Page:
The plan was a good one. They didn’t know what they were going to find out there in the woods, and putting all of their strongest fighters in one place was a bad move.

“Understood,” Bishop said. “We’ll leave right away.”

“Good. Be careful, all of you.”

Verbal affirmatives rose up, and then the group filed out of the office and downstairs.

Bishop hung back. “Was Knight over here within the last hour?”

“No, I’ve been alone all morning,” Father said, concern furrowing his brow. “Why?”

“He told Brynn this was where he was heading.”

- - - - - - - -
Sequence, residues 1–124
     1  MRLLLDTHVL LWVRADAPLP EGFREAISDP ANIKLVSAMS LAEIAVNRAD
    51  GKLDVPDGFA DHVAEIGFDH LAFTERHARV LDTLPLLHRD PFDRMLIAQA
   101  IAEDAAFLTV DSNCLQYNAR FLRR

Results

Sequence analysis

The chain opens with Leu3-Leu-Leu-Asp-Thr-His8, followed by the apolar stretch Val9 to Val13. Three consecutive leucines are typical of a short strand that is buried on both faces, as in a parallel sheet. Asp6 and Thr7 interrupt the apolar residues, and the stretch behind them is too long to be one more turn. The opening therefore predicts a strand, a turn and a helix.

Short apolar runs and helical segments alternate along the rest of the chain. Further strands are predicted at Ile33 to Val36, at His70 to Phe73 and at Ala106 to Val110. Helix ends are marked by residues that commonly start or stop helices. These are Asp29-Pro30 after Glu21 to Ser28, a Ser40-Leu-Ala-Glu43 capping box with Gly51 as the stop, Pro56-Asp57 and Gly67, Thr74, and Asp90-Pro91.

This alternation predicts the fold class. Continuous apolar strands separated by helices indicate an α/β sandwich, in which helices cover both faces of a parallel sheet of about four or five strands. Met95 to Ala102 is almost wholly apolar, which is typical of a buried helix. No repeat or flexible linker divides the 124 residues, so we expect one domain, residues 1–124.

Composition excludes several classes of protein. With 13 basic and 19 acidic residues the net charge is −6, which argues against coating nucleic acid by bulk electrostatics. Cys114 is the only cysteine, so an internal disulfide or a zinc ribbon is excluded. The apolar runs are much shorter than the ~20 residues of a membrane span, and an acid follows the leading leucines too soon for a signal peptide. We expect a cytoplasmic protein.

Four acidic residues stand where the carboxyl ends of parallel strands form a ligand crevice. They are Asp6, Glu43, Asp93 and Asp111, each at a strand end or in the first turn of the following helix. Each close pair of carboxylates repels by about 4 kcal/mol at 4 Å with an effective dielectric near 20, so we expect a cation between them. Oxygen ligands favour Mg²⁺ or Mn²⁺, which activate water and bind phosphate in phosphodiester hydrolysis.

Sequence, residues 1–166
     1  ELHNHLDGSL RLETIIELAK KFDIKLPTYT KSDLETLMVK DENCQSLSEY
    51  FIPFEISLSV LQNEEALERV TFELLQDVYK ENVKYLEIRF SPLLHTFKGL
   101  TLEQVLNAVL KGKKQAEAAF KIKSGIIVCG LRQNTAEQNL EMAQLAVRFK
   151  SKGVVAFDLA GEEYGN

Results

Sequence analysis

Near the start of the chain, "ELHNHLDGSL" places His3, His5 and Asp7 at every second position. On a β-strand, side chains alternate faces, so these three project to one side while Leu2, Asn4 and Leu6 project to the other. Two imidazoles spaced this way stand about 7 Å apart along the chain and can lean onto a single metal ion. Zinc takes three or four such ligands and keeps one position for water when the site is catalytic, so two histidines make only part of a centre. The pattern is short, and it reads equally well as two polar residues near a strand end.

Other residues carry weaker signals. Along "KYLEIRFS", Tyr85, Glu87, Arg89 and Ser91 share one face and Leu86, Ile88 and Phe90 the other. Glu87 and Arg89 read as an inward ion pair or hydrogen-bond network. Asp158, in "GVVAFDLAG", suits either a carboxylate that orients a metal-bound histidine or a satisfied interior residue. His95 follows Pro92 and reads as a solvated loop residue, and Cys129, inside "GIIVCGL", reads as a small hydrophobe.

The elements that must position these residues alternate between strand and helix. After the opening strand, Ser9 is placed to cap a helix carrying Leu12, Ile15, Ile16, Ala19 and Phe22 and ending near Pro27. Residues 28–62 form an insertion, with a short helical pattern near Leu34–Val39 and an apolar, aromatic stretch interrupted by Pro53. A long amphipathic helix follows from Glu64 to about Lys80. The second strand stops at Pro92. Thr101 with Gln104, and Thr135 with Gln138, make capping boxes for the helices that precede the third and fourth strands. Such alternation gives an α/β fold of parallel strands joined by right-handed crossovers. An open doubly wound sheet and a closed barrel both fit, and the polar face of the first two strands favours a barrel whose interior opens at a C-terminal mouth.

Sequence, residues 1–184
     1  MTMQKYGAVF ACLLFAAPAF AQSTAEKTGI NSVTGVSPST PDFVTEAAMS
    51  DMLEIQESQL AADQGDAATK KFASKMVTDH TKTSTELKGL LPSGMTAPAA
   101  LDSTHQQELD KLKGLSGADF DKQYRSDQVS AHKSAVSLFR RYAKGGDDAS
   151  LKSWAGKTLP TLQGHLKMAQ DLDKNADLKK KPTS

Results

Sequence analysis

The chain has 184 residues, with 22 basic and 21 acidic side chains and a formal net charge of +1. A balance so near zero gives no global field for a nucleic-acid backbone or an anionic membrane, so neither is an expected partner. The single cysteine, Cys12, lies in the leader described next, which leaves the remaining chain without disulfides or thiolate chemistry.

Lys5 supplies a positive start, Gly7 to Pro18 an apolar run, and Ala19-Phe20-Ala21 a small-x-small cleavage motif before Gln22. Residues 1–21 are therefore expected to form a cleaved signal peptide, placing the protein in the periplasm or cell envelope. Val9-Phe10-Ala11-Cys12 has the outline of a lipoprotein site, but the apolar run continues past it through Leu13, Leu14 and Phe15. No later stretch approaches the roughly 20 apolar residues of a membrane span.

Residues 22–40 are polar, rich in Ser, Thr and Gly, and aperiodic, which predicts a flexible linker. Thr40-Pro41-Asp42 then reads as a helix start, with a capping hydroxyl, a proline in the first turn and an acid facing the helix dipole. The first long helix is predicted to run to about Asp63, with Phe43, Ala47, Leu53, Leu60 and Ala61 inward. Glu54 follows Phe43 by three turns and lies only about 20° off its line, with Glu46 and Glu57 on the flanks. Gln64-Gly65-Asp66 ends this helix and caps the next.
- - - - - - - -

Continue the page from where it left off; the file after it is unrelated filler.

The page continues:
“Knight probably needed a few minutes to himself. I don’t like it, either, son, but he does need personal space in order to control his empathy. If your mother was around others for too long, too consistently, she became agitated. Especially when something was already bothering her.”

“Right.” Their mother had been a White Wolf, too, so Father had a unique perspective on the responsibilities and side effects of the burden. Balancing the emotional control of seven hundred-plus loup garou was a monumental task. “I’ll let you know when we’re close to our location.”

“Be careful, son.”

“I will.”